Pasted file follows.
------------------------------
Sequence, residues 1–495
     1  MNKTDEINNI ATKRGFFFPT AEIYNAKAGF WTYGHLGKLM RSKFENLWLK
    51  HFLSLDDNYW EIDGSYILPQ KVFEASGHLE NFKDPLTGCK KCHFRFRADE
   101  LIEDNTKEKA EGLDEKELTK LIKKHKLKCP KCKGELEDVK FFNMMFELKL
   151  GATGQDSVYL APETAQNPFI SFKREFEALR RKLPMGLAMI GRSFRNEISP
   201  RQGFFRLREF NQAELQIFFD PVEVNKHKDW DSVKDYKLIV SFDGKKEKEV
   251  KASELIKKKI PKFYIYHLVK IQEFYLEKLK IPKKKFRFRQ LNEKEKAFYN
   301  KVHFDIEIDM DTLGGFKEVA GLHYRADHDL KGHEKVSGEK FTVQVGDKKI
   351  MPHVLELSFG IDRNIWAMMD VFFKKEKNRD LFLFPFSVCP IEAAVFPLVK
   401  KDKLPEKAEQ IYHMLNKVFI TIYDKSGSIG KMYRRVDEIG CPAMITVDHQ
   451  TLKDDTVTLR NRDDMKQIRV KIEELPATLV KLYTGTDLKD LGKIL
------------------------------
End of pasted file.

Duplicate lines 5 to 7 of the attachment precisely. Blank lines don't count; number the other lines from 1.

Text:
   151  GATGQDSVYL APETAQNPFI SFKREFEALR RKLPMGLAMI GRSFRNEISP
   201  RQGFFRLREF NQAELQIFFD PVEVNKHKDW DSVKDYKLIV SFDGKKEKEV
   251  KASELIKKKI PKFYIYHLVK IQEFYLEKLK IPKKKFRFRQ LNEKEKAFYN